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ERIC Number: EJ1157474
Record Type: Journal
Publication Date: 2017-Oct
Pages: 5
Abstractor: ERIC
ISSN: ISSN-0036-8555
What's inside a Termite's Gut?
Morales, Asia Liza; Rowton, Edgar; Anderson, Margery; Yourick, Debra
Science Teacher, v84 n7 p47-51 Oct 2017
During the Jurassic period (201 million to 145 million years ago), termites up to 15 mm long consumed and recycled vegetation and feces. Since then, termites have evolved into some 3,000 identified species, have colonized every continent except Antarctica, and are major contributors to nutrient cycling and vertebrate food webs (Shaw 2014). Termites' persistence through time is largely due to the symbiotic association of protists and other microbes that colonize the termite's gut. These "endosymbionts"--organisms living inside a host organism--allow the termite to digest cellulose from plant debris for nutrition. In return, the termite gut provides a stable environment in which endosymbionts can maintain homeostasis. In this article, students dissect a termite hindgut, observe and record the symbiotic relationship between the endosymbionts and termites, and investigate the responses of protists when their environment is disrupted. Students also learn about the interconnected relationships and processes that affect their own body and the world around them. The activity, which aligns with the "Next Generation Science Standards" (NGSS Lead States 2013; see box, p. 51), engages students in three fundamental biological concepts: "symbiosis," "homeostasis," and "osmosis."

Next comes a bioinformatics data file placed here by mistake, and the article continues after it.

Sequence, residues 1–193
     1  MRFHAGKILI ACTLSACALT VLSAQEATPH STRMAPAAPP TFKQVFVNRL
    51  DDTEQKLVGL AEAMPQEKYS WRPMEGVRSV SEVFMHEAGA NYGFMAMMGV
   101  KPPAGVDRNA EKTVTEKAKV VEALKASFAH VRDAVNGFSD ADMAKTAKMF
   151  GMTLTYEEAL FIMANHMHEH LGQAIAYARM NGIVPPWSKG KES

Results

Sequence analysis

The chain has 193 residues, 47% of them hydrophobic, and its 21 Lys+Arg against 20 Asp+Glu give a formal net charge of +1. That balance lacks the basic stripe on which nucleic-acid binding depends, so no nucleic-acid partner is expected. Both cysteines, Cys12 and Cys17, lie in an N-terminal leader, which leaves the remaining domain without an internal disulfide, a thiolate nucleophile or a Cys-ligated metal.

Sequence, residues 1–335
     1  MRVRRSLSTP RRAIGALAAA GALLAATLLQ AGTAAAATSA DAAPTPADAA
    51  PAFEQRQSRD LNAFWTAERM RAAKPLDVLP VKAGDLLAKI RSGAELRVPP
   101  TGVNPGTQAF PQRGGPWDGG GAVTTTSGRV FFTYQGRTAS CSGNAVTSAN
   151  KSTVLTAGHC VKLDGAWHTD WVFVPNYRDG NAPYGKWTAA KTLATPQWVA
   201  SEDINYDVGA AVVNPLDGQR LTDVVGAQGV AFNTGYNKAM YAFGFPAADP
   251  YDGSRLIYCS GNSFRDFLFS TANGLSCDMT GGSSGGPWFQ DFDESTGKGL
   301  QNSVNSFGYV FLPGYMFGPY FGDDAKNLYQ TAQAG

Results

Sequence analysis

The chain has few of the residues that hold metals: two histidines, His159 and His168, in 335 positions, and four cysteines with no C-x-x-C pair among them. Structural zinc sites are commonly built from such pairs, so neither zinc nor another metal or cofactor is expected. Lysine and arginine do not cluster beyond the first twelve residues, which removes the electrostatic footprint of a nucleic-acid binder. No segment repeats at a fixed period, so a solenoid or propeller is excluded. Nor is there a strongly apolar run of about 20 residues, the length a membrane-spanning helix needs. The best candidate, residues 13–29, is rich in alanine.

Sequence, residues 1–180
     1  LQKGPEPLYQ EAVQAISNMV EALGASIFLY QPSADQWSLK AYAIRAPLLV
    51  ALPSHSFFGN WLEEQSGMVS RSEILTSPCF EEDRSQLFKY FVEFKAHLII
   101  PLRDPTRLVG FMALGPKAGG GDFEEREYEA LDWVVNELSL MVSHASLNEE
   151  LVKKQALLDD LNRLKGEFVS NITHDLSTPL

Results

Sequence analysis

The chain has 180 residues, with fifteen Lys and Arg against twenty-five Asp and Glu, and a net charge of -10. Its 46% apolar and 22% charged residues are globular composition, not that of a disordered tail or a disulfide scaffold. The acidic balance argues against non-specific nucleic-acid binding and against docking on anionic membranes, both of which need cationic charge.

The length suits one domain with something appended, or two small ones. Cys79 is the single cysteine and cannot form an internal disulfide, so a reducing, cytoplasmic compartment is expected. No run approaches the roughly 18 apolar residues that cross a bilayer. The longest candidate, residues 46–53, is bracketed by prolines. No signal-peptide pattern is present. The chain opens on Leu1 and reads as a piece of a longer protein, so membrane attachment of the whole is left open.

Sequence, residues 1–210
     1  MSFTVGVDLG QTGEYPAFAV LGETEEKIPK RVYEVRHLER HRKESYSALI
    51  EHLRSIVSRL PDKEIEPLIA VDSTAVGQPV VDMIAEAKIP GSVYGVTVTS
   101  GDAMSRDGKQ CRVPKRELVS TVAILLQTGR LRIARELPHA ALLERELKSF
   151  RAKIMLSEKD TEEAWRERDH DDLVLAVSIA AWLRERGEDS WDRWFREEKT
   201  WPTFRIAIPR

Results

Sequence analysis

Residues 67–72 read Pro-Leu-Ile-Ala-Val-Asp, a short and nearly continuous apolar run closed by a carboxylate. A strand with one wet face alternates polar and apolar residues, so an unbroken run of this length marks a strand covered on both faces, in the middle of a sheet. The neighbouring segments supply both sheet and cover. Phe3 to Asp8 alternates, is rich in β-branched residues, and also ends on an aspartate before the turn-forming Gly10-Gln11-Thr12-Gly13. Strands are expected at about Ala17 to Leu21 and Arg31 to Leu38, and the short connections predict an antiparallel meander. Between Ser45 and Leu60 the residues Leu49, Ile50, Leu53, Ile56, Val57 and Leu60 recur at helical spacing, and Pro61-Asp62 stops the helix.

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Publication Type: Journal Articles; Reports - Descriptive
Education Level: Secondary Education
Audience: Teachers
Language: English
Sponsor: N/A
Authoring Institution: N/A
Grant or Contract Numbers: N/A